Psychologist Jason Hotchkiss: Hospices Can Leverage Online Reviews to Drive Quality Improvement

Jason Hotchkiss, author, chaplain and psychologist, has unveiled new research on the ways online reviews can help drive hospice quality and staff morale.

He is currently a chaplain and behavioral health specialist at the Center for Elders’ Independence and a professor of psychology at Cornerstone University in Michigan. Prior to this work, he spent more than a decade as a hospice chaplain working for national and regional providers.

The research is published in his new book, “Love Letters from Caregivers: Grateful Testimonials to Inspire and Empower Palliative Care Professionals.”


Hospice News spoke with Hotchkiss about the implications of his new research for hospices and how they can apply feedback from patients’ families to fine-tune their services and motivate clinical employees.

Jason Hotchkiss Jason Hotchkiss
Jason Hotchkiss, author, psychologist and hospice chaplain

Regarding your newest book, “Love Letters from Caregivers.” How would you encapsulate the thesis of that work?

The footprint of a hospice’s online reviews tells the story about what a hospice values.


We can do well in hospice. We can make money in hospice, and that’s okay as long as we’re providing excellent care. My overall learning from this is that families and caregivers will tell us that it’s the people that make a difference in the services.

Online reviews do tell a story about a hospice’s care, and I think making peace with it is important. Being able to see that you’re going to get a review now, sometimes negative, and that doesn’t always seem fair. But even that has something for us too.

I remember my own hospice, with the online reviews, my experience of it was an approach of, “We’ll deal with the really negative things when they come in, but we’ll just sort of shelve that.” But other hospices have begun to post testimonials on their site. There’s something to be gained from that.

My book, I hope, is really a praise of what hospice is doing in America. As a psychologist, I’m into behavioral shaping and behavioral interventions, and my behavioral intervention for hospice would be similar to what’s being done in the [Medicare Advantage hospice] carve-in program, rewarding hospices for quality care. In some of the five-star reviews, people would describe their hospice like it was like one of the best gifts they ever got. That’s heartening.

When you say reviews, are you talking about things like Yelp or those kinds of public websites?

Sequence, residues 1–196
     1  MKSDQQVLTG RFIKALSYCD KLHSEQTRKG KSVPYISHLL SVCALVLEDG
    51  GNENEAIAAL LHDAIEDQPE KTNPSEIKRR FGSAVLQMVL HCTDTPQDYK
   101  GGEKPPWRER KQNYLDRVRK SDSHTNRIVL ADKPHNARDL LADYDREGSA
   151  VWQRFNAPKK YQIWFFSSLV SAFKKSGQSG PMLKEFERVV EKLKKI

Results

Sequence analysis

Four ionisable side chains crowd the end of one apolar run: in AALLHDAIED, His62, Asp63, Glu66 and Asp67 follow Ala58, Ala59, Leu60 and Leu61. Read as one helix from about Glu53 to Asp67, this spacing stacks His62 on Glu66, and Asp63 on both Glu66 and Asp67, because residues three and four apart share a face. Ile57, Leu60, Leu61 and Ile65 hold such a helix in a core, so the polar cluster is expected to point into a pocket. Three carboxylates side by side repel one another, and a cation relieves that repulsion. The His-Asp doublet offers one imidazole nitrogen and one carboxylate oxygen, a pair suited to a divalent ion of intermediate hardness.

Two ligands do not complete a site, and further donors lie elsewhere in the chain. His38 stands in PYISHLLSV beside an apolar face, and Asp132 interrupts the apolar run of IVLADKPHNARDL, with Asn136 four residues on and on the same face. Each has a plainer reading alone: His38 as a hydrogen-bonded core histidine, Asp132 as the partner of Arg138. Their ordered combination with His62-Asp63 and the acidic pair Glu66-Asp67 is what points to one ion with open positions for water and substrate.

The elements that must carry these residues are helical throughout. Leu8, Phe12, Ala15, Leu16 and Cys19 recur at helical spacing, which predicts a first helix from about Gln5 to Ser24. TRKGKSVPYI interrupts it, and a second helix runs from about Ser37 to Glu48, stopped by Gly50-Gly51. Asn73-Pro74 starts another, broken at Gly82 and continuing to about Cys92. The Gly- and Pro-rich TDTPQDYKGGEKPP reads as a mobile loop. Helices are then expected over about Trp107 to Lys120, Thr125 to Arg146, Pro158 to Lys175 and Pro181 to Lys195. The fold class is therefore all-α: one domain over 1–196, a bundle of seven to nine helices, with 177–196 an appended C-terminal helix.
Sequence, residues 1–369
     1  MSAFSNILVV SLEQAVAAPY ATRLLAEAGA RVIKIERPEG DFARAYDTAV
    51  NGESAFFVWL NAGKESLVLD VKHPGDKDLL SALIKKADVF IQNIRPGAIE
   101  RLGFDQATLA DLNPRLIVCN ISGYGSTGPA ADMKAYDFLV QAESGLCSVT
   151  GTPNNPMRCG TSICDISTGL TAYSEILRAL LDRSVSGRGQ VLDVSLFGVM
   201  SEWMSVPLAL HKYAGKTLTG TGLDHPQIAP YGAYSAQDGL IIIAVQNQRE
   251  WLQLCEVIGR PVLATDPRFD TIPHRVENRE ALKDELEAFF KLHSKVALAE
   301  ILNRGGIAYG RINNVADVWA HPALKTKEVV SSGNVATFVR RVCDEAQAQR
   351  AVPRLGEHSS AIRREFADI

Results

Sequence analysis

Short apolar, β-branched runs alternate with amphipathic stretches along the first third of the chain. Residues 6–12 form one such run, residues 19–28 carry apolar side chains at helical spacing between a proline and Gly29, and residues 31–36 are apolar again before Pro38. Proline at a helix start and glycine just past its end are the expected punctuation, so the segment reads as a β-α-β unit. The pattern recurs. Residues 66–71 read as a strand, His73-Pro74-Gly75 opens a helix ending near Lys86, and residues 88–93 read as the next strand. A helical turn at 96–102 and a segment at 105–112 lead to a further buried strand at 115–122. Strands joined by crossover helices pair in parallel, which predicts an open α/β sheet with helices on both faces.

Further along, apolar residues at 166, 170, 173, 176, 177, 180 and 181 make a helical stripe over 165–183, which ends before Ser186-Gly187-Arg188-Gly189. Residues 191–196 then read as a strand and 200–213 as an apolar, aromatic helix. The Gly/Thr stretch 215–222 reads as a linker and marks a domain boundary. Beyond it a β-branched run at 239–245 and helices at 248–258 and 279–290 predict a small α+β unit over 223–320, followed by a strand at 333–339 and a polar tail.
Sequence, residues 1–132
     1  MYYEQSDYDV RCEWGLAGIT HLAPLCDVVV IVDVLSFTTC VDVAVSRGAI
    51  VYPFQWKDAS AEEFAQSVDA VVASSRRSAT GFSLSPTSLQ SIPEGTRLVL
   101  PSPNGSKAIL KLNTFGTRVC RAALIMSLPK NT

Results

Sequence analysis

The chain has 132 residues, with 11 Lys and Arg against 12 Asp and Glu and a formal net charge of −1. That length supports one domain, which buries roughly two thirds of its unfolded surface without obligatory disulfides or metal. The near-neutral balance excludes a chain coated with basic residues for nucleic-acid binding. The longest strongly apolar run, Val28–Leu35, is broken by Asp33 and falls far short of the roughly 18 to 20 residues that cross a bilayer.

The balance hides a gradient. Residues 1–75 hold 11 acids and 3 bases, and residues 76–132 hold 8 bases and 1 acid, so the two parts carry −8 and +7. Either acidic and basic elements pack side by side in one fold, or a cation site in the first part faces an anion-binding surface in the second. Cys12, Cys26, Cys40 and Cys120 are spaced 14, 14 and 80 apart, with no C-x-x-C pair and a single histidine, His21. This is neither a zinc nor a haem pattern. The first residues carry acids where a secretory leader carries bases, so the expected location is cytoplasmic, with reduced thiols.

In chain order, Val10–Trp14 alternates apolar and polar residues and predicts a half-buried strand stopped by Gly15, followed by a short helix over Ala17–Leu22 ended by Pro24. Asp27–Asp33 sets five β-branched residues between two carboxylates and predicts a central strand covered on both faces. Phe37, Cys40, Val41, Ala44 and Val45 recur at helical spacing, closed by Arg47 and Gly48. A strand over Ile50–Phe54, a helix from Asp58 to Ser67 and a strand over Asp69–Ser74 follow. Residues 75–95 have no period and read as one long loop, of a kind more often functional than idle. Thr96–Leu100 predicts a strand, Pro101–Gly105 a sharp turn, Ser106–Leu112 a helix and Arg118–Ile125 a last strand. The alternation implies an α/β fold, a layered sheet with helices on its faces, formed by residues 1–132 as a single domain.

The two that we used in the data gathering were Google and Yelp. We looked at more than 5,000 reviews. We also drew on Facebook. The way this works is, we get a review star rating the program, and then we use the natural language processing, the sentiment analysis, to see what is actually being said in that review.

You get two elements from that. One is what you call a sentiment score, which is sort of your minus-one to plus-one. Minus-one would just be a terrible experience up to a positive one. There is a little bit of nuance. You might have a five-star review that praised people, but also had a comment about responsiveness near the end of life or something that was more of a critique.

How did you go about conducting this research?

We gathered all the quality studies that I could find about hospice. One of the interesting things is that even in research, there’s a lot of studies that want to show hospice in its best light.

I really began with going to all the providers in each of their programs and grabbing reviews using a sampling technique to make sure that I’m balancing the reviews from all different parts of the programs.

One of the things that you’ll find online is that there’s many reviews that are just star ratings. I gathered every review that had any narrative component. And another thing that’s important to understand is that for all these reviews, Google and Yelp also have their own quality process for being able to rule out reviews that just look fake, that are not really authentic.

Then I looked at what are the themes that are within those reviews and was able to draw upon that as well. But my method, as far as the sampling is really analyzing using natural language programming. The tools are there, but no one’s ever looked at reviews in this quantity before to answer those kinds of questions.